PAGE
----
December Microsoft issue affecting pupils could take ‘weeks’ to fix

December Microsoft issue affecting pupils could take ‘weeks’ to fix

Boy working at home

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image captionMicrosoft Teams is a key resource for alumni learning at home

A Microsoft issue that is affecting school pupils in Scotland during the first few days of home learning could take several weeks to resolve.

According to Education Scotland, the company is “just weeks away” from implementing a permanent fix to the “join” button on Microsoft Teams.

Delays in the chat function were also reported.

It comes after a separate Teams issue hit pupils across Scotland.

Various schools reported that the technology was running slowly or not at all on Monday. Education Scotland said this problem was resolved later that night.

Prime Minister Nicola Sturgeon said the government is continuing to liaise with the company to resolve problems.

“National question”

Microsoft Teams is a major platform used for remote learning with schools closed to most pupils at least until early February.

In December, the company received complaints about problems with the “subscribe” button and the chat update, which the Scottish government still affects “a limited number of users”.

Then, on Monday, a number of schools, pupils and parents reported that the technology is working slowly or not working at all.

  • Pupils in Scotland struggle to get online due to a Microsoft problem

  • Pupils face disparities in remote learning

Microsoft said engineers were working to fix the problem. When asked if question from home education was the cause of the problem, the company declined to comment.

A primary school in Edinburgh sent a message to parents on Tuesday saying, “Microsoft is still having some issues with the Teams app. This is a national issue and hopefully it will be fixed soon.”

The BBC has contacted Microsoft for an update but has not yet received a response.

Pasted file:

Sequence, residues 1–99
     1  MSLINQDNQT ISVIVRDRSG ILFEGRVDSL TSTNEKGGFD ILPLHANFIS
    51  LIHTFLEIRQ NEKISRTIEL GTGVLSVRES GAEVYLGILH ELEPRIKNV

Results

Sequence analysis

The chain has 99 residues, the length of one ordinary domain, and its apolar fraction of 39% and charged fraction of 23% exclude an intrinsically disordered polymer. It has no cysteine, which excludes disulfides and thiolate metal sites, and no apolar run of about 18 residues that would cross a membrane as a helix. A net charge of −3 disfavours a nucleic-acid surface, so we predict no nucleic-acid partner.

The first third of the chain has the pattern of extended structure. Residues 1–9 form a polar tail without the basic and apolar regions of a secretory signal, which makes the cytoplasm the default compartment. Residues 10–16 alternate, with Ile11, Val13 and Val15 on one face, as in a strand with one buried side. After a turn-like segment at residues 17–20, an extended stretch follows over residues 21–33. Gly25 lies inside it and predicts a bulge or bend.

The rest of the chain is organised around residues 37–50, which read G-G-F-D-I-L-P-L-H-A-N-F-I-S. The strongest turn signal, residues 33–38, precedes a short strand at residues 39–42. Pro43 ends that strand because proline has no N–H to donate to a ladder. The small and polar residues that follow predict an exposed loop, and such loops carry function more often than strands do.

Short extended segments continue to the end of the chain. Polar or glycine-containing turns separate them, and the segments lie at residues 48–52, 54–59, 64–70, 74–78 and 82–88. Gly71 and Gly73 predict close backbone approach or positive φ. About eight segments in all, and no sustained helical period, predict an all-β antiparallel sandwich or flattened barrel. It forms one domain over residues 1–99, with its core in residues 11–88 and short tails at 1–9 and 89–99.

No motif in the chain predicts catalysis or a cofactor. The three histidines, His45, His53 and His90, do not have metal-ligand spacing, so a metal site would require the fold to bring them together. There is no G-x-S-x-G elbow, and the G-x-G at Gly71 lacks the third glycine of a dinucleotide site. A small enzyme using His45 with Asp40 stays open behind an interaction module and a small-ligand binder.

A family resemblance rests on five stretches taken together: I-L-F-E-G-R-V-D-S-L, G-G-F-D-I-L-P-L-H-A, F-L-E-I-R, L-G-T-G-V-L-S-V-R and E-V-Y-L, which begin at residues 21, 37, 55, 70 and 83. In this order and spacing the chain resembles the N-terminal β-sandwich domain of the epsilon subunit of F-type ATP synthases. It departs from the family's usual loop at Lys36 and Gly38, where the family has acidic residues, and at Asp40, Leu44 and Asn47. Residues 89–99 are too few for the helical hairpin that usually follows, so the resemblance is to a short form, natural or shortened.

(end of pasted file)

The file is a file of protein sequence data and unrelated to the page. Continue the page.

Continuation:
Education Scotland, the Scottish government agency responsible for improving education, said in an update on its website that it was continuing to work with the company.

The post said, “We continued to work with Microsoft’s technical team to resolve the intermittent login button error that impacted a limited number of users.

“We can confirm that Microsoft is a few weeks away from implementing a permanent solution for this problem. In the meantime, continue to use the manual solution and where we can expedite any work we will do.

“We have received a limited number of reports of chat delays during some meetings. Microsoft is investigating ways to improve the user experience, but it works as expected.

“There are operational usage changes that can be implemented by our users to improve their experience. If anyone needs assistance with this, please contact the helpdesk for more information.”

‘Clearly Make Things Difficult’

Ms Sturgeon reiterated during the daily briefing on Tuesday that the problem “is not just about education or just about Scotland”.

He said his cabinet had received a brief report on the matter from the education secretary that morning.

“We continue to argue with Microsoft,” he said. “Microsoft has assured that this problem has been fixed and hopefully it will be fixed soon.

“Not a problem with Glow, a Scottish Government asset.”

Glow gives users access to Microsoft Office 365, which includes Teams, and to G Suite apps like Google Classroom. Local authorities decide which one to use between Microsoft and G Suite.

Ms. Sturgeon added that Microsoft’s problem was “clearly making things harder than they already are” for parents, young people and teachers.

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